Earlier this summer, an annual report on wealth accumulation worldwide found that, despite the financial collapse of 2008, the ensuing Great Recession and the grindingly slow recovery we’re experiencing now, the number of millionaires in the United States has actually grown:
According to the annual World Wealth Report from Merill Lynch and Capgemini, the U.S. had 3.1 million millionaires in 2010, up from 2.86 million in 2009. The latest figure tops the pre-crisis peak of three million.
Merrill and Capgemini define millionaires as individuals with $1 million or more in investible assets, not including primary home, collectibles, consumables and consumer durables.
The wealth held by these millionaires also hit a record. North American millionaires had a combined wealth of $11.6 trillion, up from $10.7 trillion in 2009.
The number of Americans with $30 million is still slightly below the pre-crisis peak. In 2010 there were 40,000 North Americans with $30 million or more, up from 36,000 in 2009.
Why are millionaires doing so much better than everyone else? Financial markets. Remember, the rich depend on financial markets (which have rebounded) while the rest of America depends on jobs and homes for wealth–both of which remain in a slump. According to the report, global equity markets rose 18 percent in 2010. Since the wealthy have a larger share of their fortunes in stocks, they would have benefited most.
This report from June helps explain results of a study released by the Economic Policy Institute last week that found that 5 percent of U.S. households now hold 82 percent of the nation’s wealth.
If you believe Republican dogma, however, enabling the rich to get richer is the only way to reduce poverty rates and ensure prosperity for the middle class. According the GOP’s “trickle down” theory, when the rich get richer, their good fortune is supposed to shower down onto the middle class and the poor in the form of salaries and fees they pay to yacht builders, art dealers, furriers, interior decorators, caterers, groundskeepers, limo drivers, nannies, masseuses and other providers of services to the elite.
During the Reagan administration, Republicans codified trickle-down theory into the tax law, and it has underpinned the government’s economic policy, more or less, ever since.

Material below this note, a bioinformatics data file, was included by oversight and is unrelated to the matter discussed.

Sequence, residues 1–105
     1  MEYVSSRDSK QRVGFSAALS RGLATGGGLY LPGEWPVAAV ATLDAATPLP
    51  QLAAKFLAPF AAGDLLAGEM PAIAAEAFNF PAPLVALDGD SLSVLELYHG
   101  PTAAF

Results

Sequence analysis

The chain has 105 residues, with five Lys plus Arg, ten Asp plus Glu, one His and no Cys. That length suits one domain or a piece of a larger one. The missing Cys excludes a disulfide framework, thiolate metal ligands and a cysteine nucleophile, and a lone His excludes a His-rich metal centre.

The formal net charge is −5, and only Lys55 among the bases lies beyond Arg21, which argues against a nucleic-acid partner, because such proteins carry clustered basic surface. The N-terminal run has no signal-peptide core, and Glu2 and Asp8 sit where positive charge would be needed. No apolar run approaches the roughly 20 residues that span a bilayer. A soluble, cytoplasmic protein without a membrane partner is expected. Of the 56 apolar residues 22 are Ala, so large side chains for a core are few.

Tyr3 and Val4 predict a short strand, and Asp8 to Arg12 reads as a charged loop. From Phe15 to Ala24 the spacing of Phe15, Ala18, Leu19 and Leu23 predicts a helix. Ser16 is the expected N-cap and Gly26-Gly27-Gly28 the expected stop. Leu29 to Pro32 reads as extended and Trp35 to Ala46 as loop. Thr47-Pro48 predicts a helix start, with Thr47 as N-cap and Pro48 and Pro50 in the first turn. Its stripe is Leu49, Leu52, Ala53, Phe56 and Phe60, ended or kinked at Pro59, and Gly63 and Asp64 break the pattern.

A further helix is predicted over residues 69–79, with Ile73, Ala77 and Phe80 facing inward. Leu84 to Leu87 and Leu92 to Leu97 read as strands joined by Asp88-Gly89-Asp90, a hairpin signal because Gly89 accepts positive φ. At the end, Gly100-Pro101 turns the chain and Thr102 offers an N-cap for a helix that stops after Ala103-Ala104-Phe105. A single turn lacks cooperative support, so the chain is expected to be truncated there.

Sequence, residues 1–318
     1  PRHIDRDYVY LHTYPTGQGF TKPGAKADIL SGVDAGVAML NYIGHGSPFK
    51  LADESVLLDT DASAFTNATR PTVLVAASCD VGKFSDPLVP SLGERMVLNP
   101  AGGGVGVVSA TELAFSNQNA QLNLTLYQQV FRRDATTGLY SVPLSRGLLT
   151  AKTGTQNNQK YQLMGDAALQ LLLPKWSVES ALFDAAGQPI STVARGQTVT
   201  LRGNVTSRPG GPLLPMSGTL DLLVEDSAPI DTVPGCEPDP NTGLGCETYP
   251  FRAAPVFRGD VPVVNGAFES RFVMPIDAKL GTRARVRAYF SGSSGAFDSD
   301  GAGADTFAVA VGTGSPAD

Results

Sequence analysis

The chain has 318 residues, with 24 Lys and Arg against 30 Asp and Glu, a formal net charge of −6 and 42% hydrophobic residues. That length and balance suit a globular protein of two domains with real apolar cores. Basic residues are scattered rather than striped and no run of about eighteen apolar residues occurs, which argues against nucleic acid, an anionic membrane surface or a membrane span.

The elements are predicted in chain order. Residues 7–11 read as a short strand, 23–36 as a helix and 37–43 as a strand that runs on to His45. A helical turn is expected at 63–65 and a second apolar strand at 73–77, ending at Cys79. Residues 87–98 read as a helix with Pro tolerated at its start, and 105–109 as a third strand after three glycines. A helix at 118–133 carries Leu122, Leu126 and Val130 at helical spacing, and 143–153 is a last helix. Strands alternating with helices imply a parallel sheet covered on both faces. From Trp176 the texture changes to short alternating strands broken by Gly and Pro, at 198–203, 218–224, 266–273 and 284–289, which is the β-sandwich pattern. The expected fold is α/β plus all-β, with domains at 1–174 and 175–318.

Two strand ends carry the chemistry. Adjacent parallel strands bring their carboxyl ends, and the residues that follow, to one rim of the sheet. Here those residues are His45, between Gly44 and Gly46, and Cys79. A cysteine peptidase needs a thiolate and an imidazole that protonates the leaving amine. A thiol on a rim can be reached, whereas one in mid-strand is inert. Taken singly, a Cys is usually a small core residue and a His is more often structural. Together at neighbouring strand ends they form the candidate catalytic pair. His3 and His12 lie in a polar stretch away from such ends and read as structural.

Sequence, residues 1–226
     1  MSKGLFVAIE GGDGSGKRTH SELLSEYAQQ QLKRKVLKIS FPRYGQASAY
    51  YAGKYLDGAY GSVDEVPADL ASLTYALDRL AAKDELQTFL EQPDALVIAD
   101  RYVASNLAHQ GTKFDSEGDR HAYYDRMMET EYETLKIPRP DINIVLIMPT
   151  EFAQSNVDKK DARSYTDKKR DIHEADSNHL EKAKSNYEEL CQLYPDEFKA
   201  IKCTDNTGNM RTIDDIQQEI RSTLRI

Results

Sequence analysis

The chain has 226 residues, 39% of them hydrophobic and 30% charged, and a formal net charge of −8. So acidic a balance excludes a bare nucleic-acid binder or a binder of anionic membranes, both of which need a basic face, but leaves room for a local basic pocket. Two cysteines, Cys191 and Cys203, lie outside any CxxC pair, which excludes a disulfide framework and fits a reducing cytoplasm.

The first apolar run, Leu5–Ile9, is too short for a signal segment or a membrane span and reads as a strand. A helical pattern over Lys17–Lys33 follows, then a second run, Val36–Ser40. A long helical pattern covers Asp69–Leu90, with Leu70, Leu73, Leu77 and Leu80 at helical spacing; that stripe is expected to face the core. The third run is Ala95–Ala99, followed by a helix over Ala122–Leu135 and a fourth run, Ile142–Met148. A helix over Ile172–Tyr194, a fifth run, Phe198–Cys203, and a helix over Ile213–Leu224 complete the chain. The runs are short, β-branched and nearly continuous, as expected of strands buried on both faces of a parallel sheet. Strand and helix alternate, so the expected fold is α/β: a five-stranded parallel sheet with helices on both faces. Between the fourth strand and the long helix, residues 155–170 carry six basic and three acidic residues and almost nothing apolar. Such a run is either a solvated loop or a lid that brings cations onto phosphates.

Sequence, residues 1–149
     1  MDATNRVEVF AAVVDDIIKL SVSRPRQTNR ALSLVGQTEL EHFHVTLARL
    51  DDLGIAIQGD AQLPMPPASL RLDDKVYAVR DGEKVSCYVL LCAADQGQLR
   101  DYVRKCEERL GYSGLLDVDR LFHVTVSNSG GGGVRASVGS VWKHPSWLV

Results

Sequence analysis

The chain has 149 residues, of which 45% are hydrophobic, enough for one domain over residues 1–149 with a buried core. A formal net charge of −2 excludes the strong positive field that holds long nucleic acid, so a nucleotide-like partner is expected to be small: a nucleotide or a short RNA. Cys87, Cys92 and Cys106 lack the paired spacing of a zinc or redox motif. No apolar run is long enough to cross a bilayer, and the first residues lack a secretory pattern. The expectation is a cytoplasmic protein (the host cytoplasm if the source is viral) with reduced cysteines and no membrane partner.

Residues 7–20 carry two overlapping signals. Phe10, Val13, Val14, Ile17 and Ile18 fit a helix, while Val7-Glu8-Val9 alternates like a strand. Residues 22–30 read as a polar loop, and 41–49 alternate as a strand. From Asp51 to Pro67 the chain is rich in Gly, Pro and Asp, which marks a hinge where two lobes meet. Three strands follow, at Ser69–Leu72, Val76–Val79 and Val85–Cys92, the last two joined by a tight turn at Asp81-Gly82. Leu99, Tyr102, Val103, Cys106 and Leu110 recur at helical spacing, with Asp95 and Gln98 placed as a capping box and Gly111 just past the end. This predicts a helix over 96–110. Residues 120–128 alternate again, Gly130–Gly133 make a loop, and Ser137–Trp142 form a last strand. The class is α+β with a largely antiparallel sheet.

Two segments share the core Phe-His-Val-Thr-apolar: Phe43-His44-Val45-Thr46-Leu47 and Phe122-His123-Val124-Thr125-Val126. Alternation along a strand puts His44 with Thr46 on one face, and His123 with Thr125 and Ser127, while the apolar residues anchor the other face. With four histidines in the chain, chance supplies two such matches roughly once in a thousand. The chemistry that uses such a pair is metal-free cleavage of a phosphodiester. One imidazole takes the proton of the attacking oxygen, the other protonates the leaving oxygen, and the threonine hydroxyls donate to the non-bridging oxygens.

So, a quarter century into this grand experiment, given all the wealth that has accumulated at the top, some of those billions of dollars should be trickling downstream by now. Right?
Wrong. In a report also released last week, the Census Bureau found that the U.S poverty rate had surged to its highest level in a quarter century — specifically since 1983, near the midpoint of Reagan’s two terms and around the time the Republicans’ trickle-down theory became law.
Trickle-down economic theory did not pass the smell test from the start, but now, after living with it for over a quarter century, we have plenty of empirical evidence that it was bogus from the start.
In the Clinton era, for example, when Democrats reversed Reagan-Bush era trickle-down tax policies and raised taxes on the wealthy, the economy grew and employment expanded. Conversely, in 2001 and 2003, when Bush, Cheney and their rubberstamp GOP-controlled Congress reinstituted trickle-down policies in the form of the Bush tax cuts on the wealthy, economic growth slowed and job creation stalled.
Of course, reality has a liberal bias, as Stephen Colbert has said. And so despite a preponderance of evidence that their policies have failed their own middle-class and poor constituents, Republicans in Congress today are vehemently opposed to raising tax rates back to the Clinton-era levels — even as they rail against deficits while demanding cuts to services for the growing ranks of the unemployed, the poor, sick and elderly whose interests they are also supposed to represent.
All of this prompts a question: Is the growing prosperity disparity in the United States the intended result of Republican economic theory — was shifting the nation’s wealth upwards out of the middle class their objective from the start? — or is the collapse of the middle class and the concomitant surge in the poverty rate the result of colossal policy failures and gross incompetence of two generations of conservative economists and politicians?
Which is it? Have Republicans deliberately robbed from the poor and middle class to the benefit their wealthy patrons or corporate sponsors — or is the economic crisis we’re facing just a monumental mistake?
Here’s a clue: From the perspective of the true base of the Republican Party — the merely rich and the uber-wealthy — a quarter century of trickle-down economics has been an unqualified success.